Add to homescreen

If you want to add this app to home screen tap and then ‘Add to Home Screen’.

Mitigating hazards from electronic devices when working remotely

  • What happened?

    An employee regularly worked from home, using a glass dining table as their designated office space.

    During a break, the employee left the work area, and upon returning, discovered the glass table broken.

    The breakage was caused by the laptop overheating, leading to the glass table, which was 3 cm (1.2 inch) thick and weighed about 150 kg (300 lbs), breaking.

    The potential consequence of the table breakage was serious personal injuries to the employee or family members.

    Laptop open on top of a glass table
  • Why did it happen?

    There was no laptop docking/base station. The table was constructed from non-resistant glass that was not resilient to impacts or temperature variations.

    The laptop met the safety requirements - it was designed to shut down automatically to prevent any damage.

    The risks associated with laptops overheating were not identified (e.g., in the telecommuting guides, etc.), therefore not communicated to employees.

    There was a lack of risk perception and minimal reporting from employees for this type of incident.

    Why did it happen - icon
  • What did they learn?

    When charging electronic devices, use safe electrical outlets (direct connection to ground, no plug extensions). Ensure that chargers are certified and in good condition.

    Do not leave devices unattended or over flammable surfaces when charging.

    When not in use, turn off and unplug your devices.

    If your laptop is overheating, turn it off and wait at least one hour before restarting it.

    Allow your laptop “breathe”, do not obstruct its ventilation, and do not use it on a bed or on your lap.

    Do not expose your laptop to the sun or high temperatures.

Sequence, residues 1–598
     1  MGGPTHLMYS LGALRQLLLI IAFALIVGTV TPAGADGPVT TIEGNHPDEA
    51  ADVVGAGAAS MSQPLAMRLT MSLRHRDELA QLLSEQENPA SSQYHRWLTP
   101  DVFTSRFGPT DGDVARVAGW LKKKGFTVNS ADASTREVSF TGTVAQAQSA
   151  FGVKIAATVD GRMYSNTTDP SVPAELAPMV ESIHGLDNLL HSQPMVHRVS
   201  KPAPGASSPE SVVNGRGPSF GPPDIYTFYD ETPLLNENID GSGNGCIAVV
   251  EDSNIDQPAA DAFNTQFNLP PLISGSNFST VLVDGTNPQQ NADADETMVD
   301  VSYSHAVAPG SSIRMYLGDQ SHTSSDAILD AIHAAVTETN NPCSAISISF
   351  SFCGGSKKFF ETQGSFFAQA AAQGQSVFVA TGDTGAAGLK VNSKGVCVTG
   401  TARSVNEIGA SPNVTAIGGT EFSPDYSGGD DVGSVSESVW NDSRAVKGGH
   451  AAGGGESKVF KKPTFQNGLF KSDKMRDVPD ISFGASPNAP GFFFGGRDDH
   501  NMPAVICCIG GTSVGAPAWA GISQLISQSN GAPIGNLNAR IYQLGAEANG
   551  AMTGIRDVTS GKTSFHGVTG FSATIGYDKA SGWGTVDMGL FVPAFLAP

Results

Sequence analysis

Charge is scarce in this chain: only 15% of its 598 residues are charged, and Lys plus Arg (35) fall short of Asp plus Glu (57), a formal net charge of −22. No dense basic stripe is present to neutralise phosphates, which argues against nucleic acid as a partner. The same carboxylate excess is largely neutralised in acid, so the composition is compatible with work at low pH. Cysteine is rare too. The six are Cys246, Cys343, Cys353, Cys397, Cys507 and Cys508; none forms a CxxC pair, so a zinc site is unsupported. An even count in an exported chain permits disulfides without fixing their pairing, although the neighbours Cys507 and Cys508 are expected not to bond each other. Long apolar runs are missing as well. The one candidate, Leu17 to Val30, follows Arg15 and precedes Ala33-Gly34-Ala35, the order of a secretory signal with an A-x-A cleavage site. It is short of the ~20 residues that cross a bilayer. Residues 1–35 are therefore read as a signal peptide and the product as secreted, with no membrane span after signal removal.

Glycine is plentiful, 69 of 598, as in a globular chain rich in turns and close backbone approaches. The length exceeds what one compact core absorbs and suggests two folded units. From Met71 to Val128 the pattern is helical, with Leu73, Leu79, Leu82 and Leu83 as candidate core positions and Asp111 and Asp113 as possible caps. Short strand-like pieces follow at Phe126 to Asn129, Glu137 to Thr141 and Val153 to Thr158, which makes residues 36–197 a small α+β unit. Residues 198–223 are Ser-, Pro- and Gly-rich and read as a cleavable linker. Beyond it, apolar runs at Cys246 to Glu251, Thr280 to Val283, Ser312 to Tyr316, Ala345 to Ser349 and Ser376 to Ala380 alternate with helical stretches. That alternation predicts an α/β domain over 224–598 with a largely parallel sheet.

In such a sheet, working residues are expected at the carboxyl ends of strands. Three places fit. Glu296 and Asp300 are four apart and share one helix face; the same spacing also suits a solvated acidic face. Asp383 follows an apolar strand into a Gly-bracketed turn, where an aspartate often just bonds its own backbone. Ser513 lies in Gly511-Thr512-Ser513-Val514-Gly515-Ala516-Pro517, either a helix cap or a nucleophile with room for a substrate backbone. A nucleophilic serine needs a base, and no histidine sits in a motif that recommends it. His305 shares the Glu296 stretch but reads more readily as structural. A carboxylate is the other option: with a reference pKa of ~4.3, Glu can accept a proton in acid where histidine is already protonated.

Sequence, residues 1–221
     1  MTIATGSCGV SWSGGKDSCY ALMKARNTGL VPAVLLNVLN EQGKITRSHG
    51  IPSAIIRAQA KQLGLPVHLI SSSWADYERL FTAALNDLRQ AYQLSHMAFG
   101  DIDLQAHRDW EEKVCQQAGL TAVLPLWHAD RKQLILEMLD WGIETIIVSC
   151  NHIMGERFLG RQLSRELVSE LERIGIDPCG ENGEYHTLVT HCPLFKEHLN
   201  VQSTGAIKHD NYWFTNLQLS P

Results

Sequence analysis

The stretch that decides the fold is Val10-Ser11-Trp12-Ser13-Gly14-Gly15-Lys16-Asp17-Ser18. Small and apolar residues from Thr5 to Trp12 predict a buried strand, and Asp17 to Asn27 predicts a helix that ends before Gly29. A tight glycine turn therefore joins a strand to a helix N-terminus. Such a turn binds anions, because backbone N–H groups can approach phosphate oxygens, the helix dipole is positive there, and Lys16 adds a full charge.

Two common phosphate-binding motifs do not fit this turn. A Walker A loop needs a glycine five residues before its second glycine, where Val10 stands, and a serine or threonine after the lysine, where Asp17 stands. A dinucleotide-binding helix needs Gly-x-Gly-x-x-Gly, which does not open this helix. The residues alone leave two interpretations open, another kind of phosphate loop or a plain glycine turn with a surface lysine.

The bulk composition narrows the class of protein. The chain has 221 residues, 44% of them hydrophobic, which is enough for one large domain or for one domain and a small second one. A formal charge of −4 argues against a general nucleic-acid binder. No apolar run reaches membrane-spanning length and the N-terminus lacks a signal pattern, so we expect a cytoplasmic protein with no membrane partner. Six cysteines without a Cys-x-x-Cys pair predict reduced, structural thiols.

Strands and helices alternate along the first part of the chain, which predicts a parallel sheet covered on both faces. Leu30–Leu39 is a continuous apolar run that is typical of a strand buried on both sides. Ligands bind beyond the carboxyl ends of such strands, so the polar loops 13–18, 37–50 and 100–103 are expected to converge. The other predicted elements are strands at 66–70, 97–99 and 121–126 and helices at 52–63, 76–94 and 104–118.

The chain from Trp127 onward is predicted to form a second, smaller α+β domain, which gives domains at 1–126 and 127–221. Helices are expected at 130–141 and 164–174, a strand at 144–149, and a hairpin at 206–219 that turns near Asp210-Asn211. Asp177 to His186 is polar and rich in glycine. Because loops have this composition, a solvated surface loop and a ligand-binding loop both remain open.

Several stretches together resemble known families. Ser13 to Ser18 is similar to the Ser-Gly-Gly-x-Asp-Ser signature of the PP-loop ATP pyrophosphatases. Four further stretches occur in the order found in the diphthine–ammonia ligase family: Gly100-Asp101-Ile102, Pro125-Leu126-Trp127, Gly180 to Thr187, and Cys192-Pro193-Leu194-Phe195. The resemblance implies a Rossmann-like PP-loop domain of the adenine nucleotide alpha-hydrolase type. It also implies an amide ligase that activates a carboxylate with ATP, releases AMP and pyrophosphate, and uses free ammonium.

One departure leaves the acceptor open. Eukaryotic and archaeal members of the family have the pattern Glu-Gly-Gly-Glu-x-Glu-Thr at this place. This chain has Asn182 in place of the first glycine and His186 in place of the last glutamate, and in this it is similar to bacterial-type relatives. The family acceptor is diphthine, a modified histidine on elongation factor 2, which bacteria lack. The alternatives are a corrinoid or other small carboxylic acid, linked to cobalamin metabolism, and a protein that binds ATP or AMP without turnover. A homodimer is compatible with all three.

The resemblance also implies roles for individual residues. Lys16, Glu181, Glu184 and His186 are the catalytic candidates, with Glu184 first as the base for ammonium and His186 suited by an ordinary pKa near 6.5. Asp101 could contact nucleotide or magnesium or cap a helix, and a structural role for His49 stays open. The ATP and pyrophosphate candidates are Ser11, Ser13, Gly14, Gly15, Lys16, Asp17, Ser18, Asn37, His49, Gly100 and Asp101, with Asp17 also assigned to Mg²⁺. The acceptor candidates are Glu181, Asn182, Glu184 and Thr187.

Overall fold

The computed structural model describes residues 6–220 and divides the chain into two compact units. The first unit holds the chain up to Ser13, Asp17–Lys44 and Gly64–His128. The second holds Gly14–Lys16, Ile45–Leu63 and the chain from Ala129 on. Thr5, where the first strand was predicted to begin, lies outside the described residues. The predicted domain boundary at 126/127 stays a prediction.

Do not carry your laptop in a backpack when it is turned on.

    What learn - icon
  • Ask yourself or your crew

    Where do you usually place your laptop when working/charging, and what are the potential risks associated with that?

    Why is it important to anticipate and report dangerous outcomes, even if no one else has experienced or reported them before?

    What are the gaps in the current procedures for telecommuting that may contribute to risks being overlooked (e.g. like the overheating of electronic devices)? How can we improve our procedures to address this gap?

    What other risks are associated with remote working, and how do we address that in our company?

    Ask your crew - icon
Published on 29/11/23 338 Views

An employee regularly worked from home, using a glass dining table as their designated office space. During a break, the employee left the work area, and upon returning, discovered the glass table broken. The breakage was caused by the laptop overheating, leading to the glass table, which was 3 cm (1.2 inch) thick and weighed about 150 kg (300 lbs), breaking. The potential consequence of the table breakage was serious personal injuries to the employee or family members.